BODY FOUND IN NORWICH
NORWICH, Conn. (AP) – Authorities say the body of a man was found in the area of the Yantic River Falls in Norwich. Police said the body was found on Thursday. Authorities say there is no indication of foul play, but a complete investigation by the Norwich Police Department and Connecticut office of the Chief Medical Examiner is ongoing. Police haven’t identified the man. They are asking anyone with information to contact authorities.
COUNSELOR ACCUSED OF FRAUD
A Norwich counselor is being sued by the state of Connecticut for allegedly bilking the state’s Medicaid system out of hundreds of thousands of dollars. 47-year old Susan Britt ran the counseling service “An Inner Peace” out of her Nemczuk Drive home. The state attorney general claims from at least January 2013 through September 2016, Britt falsely billed Medicaid for services she never provided. The state also claims Britt says she destroyed all patient records in May or June 2016, but still submitted claims and received payments for the following three months. Meanwhile, The Chief State’s Attorney is claiming Britt fraudently billed Medicaid from June 2013 until this month, pocketing most of the money for herself.. She’s out on 225-thousand dollars bond regarding those charges, and is due in Hartford Superior Court August 16th.
CT CONGRESSMEN TO MEET WITH DETAINED IMMIGRANTS
HARTFORD, Conn. (AP) – Members of Connecticut’s congressional delegation are traveling to Texas to meet with migrant families being held in detention facilities.
Democratic U.S. Reps. Joe Courtney, Rosa DeLauro, Jim Himes and Elizabeth Esty announced Thursday they will join more than 20 other members of Congress making the trip. The group plans to speak with children and parents affected by a White House policy that had separated more than 2,300 children from their parents over the past several weeks. The practice set off an outcry. President Donald Trump signed an order Wednesday to stop the separations, but a host of unanswered questions remain. Lawmakers on Saturday will tour the McAllen Border Patrol Station and the Centralized Processing Center in McAllen, Texas, before visiting the Port Isabel ICE Detention Center in Los Fresnos.
NL IMMIGRATION PROTEST
Some 25 protestors, including former mayor Daryl Finizio, gather outside the state courthouse on Broad Street in New London this morning to protest immigration agents going into the courthouse public areas to arrest undocumented immigrants. Protestors lined both sides of the sidewalk leading to the judicial building for about an hour before court began. State officials says federal immigration officials have been at the courthouse when they feel an arrest is needed. Retired state Chief Justice Chase Rogers has written to federal immigration officials urging them to stop making the arrests, but it still happens.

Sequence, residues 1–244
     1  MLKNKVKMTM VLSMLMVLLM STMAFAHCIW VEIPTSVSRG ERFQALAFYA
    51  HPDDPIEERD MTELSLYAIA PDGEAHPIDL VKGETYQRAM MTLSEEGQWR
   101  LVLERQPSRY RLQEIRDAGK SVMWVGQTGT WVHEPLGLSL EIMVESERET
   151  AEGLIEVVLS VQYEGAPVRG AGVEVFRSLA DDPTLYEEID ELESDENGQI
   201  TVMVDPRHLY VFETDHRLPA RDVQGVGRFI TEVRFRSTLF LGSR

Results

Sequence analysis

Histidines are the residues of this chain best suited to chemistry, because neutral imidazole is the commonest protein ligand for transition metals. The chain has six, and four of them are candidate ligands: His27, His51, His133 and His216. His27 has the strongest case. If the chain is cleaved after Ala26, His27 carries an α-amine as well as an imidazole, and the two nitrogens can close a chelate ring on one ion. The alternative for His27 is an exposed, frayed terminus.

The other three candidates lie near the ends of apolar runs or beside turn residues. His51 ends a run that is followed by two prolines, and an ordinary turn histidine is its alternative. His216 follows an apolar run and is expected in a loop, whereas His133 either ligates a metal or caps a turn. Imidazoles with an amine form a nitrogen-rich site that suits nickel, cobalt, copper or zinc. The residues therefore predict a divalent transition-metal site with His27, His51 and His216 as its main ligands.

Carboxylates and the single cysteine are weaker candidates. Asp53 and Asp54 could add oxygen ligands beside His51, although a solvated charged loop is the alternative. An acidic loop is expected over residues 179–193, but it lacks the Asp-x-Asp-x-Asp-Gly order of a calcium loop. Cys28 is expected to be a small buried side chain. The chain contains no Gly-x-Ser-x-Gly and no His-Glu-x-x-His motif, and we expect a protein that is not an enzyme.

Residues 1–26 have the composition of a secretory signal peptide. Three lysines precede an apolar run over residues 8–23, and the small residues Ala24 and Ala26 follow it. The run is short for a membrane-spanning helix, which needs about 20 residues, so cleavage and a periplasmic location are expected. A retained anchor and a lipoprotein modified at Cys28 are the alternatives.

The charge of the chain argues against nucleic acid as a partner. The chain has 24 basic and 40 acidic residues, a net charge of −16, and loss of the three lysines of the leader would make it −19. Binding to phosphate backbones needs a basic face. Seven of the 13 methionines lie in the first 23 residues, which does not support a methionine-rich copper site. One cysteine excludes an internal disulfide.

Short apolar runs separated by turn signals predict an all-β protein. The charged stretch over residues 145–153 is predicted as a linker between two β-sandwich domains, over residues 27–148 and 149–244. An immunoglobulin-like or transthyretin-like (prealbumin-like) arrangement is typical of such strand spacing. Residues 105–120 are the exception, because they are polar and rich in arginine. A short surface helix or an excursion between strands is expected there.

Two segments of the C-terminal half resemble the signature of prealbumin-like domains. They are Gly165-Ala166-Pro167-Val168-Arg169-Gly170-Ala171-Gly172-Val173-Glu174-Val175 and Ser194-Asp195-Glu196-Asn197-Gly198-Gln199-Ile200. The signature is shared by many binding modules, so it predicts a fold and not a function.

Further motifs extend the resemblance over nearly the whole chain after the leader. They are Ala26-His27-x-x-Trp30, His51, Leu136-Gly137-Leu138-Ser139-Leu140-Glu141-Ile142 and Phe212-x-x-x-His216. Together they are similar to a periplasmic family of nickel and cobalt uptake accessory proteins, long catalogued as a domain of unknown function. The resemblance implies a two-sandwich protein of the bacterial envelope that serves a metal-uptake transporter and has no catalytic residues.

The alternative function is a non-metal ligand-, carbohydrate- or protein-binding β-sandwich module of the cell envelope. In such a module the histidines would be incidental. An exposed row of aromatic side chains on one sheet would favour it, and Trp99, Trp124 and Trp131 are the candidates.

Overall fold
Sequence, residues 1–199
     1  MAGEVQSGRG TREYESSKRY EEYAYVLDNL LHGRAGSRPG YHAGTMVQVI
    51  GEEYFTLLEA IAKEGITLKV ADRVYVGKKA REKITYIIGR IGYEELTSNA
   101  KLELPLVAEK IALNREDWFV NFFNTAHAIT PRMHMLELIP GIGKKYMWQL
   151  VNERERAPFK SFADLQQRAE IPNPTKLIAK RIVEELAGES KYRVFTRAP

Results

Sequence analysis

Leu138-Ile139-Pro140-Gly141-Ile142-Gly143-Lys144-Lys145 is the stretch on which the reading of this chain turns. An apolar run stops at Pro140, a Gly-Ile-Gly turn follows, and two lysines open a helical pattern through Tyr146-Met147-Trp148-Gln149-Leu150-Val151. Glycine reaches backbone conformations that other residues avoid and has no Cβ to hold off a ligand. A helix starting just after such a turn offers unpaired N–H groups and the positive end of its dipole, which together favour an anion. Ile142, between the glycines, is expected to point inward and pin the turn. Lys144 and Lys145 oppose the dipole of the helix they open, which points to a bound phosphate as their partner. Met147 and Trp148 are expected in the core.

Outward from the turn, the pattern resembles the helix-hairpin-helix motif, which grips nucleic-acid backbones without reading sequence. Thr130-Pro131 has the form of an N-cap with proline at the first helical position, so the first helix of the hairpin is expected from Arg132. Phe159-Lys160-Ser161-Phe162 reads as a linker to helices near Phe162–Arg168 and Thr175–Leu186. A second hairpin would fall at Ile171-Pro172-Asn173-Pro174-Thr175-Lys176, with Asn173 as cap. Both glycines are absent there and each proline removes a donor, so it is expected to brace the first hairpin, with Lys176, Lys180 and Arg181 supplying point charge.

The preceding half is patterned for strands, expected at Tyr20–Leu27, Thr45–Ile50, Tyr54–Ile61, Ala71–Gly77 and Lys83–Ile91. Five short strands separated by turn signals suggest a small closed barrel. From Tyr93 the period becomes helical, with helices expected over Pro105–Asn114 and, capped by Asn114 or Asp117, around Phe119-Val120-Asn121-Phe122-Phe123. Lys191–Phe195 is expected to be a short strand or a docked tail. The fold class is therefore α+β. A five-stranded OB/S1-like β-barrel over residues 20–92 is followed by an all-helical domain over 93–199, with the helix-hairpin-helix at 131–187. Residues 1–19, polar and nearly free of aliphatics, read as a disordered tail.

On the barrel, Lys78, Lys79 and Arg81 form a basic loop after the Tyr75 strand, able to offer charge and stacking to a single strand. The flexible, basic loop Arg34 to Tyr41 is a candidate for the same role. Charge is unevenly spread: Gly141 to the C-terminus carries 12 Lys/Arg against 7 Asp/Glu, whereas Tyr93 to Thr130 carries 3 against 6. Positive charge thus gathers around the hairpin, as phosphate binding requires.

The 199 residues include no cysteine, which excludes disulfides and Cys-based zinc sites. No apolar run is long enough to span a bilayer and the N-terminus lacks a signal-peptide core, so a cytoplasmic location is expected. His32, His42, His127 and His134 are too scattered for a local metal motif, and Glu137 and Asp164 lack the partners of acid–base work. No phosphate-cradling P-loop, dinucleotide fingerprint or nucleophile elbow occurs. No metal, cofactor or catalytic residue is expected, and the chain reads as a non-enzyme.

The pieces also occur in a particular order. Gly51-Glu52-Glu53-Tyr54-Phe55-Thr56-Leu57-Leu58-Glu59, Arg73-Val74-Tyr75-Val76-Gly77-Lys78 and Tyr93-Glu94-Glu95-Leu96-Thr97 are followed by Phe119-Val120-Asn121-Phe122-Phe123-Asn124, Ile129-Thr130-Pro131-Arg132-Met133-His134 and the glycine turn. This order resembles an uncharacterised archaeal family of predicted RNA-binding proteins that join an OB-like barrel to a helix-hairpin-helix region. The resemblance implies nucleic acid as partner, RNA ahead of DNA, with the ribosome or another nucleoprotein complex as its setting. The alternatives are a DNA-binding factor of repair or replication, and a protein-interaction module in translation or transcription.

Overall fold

MORE TIME FOR COMMUNITY COLLEGES
HARTFORD, Conn. (AP) – Overseers of Connecticut’s community college system have agreed to take some more time to follow through on a plan to consolidate the 12 schools. The original plan to create one Connecticut Community College with 12 separate campuses within a year was rejected as unrealistic by the New England Association of Schools and Colleges. The Connecticut Post reports the Board of Regents for Higher Education agreed unanimously on Thursday to pursue that effort over five years. The consolidation plan calls for the 12 colleges to be grouped into three regions. System President Mark Ojakian says the goal of the plan is to save money and improve the experiences for the 4,900 students in the state’s community colleges.
STONINGTON ROAD WORK
A major road project begins at the end of this month in Stonington. Town officials say Hewitt Road will be improved over a five week-period, with drainage work and re-paving. The heavily-traveled by-pass is between Mistuxet Avenue and Route 1. Crews will be working weekdays from 7 AM to 5 PM, with work possibly going past that time on some days. Expect road closures and detours.
PROBATION DENIED FOR FORMER STATE INVESTIGATOR
MANCHESTER, Conn. (AP) – A judge won’t allow a former investigator for Connecticut’s public defender’s office who’s accused of intimidating a witness to enter a special program that could have resulted in his charges being erased. The Journal Inquirer reports Superior Court Judge Stuart Rosen said denied 82-year-old Donald Light’s request Wednesday. The judge said he believes the charges against Light are too serious. Prosecutors say Light made comments that made a witness feel afraid for her safety. The woman said she felt Light was trying to scare her away from testifying. Light’s lawyer said he never threatened the witness. His lawyer said the special program would be perfect for Light, who has no criminal history. The program is designed for first-time offenders and can lead to a defendant’s charges being erased after a probationary period.